The FCC has mandated “broadcast flag” technology, which will limit technical options for the designers of digital TV tuners and related products. This is intended to reduce online redistribution of digital TV content, but it is likely to have little or no actual effect on the availability of infringing content on the Net.
The FCC is committing the classic mistake of not having a clear threat model. As I explained in more detail in a previous post, a “threat model” is a clearly defined explanation of what a security system is trying to prevent, and of the capabilities and motives of the people who are trying to defeat it. For a system like the broadcast flag, there are two threat models to choose from. Either you are trying to keep the average consumer from giving content to his friends and neighbors (the “casual copying” threat model), or you are trying to keep the content off of Internet distributions systems like KaZaa (the “Napsterization” threat model). You choose a threat model, and then you design a technology that prevents the threat you have chosen.
If you choose the casual copying model, your DRM technology needs to be strong enough to resist attack by average consumers only; but your technology will not address the Napsterization threat. If you choose the Napsterization threat model, then you have to be able to stop every would-be infringer from ripping the content, because if even one person manages to rip the content and upload it onto the Net, the content becomes available to everybody who wants it.
The FCC seems to be trying to have it both ways. They have mandated technologies that are only strong enough to prevent casual copying by typical consumers. But at the same time, they somehow expect those technologies to prevent Napsterization. This incoherence is evident throughout the FCC’s broadcast flag order. At several points the two incompatible threat models appear in the same paragraph; here is an example:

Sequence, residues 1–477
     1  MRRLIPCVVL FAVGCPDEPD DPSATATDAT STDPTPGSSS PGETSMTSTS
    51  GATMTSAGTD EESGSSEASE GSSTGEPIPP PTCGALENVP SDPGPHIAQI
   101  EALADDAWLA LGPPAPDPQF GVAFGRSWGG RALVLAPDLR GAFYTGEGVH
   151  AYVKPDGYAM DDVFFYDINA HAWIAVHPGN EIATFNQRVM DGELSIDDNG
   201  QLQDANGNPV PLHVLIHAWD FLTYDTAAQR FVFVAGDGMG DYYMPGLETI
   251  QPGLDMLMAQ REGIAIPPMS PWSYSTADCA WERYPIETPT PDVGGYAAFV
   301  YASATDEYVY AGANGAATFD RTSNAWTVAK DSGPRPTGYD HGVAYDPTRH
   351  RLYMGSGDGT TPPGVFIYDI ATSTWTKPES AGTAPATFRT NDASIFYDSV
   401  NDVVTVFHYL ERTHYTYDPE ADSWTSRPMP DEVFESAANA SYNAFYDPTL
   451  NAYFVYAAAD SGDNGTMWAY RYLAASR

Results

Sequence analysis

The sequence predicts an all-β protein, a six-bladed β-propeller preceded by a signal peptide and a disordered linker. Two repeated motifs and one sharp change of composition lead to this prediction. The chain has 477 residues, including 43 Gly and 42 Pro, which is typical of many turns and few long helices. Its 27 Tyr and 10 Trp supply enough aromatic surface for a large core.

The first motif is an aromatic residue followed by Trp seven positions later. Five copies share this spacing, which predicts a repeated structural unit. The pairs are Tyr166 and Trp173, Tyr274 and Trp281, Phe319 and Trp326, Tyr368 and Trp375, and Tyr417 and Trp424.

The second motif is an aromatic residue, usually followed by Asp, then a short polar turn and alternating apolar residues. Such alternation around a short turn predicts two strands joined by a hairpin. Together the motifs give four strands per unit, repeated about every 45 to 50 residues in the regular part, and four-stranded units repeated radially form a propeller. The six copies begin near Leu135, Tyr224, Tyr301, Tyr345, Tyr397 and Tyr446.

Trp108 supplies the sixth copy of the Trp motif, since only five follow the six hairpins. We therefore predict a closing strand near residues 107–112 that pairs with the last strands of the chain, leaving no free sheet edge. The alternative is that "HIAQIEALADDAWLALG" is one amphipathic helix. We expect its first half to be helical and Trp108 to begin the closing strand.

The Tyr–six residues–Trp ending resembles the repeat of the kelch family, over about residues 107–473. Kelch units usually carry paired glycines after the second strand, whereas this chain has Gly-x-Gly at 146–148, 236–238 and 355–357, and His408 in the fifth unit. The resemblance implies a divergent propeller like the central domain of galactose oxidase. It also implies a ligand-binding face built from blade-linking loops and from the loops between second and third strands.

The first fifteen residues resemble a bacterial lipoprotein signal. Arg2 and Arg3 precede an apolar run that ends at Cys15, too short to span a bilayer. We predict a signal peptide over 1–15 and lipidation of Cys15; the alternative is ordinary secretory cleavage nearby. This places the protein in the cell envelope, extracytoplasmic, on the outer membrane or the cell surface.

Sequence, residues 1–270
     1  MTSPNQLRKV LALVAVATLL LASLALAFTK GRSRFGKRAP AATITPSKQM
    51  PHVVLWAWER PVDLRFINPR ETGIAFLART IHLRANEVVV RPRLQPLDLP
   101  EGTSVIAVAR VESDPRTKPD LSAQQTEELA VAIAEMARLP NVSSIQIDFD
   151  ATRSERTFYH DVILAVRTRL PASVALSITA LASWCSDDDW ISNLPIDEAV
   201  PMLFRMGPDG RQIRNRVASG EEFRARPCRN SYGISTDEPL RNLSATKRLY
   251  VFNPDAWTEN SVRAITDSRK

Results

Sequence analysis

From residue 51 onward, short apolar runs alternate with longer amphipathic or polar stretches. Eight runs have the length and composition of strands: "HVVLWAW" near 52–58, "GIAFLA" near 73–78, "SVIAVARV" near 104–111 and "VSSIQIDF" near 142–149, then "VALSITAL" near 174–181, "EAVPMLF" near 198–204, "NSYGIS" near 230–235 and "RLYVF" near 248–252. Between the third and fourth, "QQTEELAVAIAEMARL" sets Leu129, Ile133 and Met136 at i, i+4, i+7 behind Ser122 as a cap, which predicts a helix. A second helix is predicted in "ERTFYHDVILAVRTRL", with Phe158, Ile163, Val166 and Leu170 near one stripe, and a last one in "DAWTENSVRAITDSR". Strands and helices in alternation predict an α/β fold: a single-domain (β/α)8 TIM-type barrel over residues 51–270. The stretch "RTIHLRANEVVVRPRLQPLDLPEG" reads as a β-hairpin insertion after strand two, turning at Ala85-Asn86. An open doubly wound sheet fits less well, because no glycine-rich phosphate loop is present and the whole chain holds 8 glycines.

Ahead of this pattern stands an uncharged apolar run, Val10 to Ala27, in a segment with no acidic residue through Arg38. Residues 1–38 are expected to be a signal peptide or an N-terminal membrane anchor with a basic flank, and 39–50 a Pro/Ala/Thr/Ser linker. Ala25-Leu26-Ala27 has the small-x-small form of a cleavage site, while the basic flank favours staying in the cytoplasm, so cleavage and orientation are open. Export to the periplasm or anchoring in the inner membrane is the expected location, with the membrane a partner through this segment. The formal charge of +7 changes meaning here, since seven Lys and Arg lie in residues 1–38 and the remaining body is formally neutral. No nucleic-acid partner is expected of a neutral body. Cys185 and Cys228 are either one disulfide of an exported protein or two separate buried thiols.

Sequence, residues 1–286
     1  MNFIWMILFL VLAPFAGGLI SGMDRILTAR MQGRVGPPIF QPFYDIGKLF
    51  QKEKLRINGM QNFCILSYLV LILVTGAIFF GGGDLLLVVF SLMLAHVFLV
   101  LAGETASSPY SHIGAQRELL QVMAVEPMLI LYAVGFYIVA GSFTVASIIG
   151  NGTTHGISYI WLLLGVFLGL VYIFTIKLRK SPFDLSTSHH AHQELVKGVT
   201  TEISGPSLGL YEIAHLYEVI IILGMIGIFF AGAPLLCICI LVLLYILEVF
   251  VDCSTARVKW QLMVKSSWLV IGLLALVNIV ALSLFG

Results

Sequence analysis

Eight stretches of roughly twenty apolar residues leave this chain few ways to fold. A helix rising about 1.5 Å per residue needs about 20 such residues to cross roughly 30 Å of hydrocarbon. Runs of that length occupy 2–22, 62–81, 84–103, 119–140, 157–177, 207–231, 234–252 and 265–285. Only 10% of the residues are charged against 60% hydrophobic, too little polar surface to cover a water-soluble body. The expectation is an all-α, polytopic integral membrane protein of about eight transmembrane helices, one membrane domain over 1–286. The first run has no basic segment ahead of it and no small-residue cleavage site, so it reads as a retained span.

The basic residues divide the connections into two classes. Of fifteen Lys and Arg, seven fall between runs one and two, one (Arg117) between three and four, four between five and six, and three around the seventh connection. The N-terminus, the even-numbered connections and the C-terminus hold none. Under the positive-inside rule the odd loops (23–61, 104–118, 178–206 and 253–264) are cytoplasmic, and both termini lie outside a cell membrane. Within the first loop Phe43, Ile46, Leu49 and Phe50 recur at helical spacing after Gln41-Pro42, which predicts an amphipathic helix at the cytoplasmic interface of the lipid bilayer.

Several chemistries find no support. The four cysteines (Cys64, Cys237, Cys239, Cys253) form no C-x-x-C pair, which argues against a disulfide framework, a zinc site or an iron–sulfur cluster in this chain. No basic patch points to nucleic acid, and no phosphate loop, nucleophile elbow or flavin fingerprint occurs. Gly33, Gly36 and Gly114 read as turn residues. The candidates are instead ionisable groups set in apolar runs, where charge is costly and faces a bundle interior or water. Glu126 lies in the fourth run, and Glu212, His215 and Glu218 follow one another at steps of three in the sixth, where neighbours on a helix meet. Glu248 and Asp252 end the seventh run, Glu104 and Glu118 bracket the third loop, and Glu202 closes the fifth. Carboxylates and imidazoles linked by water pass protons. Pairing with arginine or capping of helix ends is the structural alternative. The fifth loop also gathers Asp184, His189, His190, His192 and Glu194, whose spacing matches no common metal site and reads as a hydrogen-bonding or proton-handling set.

19. We recognize the concerns of commenters regarding potential vulnerabilities in a flag-based protection system. We are equally mindful of the fact that it is difficult if not impossible to construct a content protection scheme that is impervious to attack or circumvention. We believe, however, that the benefits achieved by creation of a flag-based system – creating a “speed bump” mechanism to prevent indiscriminate redistribution of broadcast content and ensure the continued availability of high value content to broadcast outlets – outweighs the potential vulnerabilities cited by commenters….
(emphasis added) The error here should be clear – a “speed bump” cannot prevent “indiscriminate redistribution”.
(I’ll have more to say about the broadcast flag in subsequent posts.)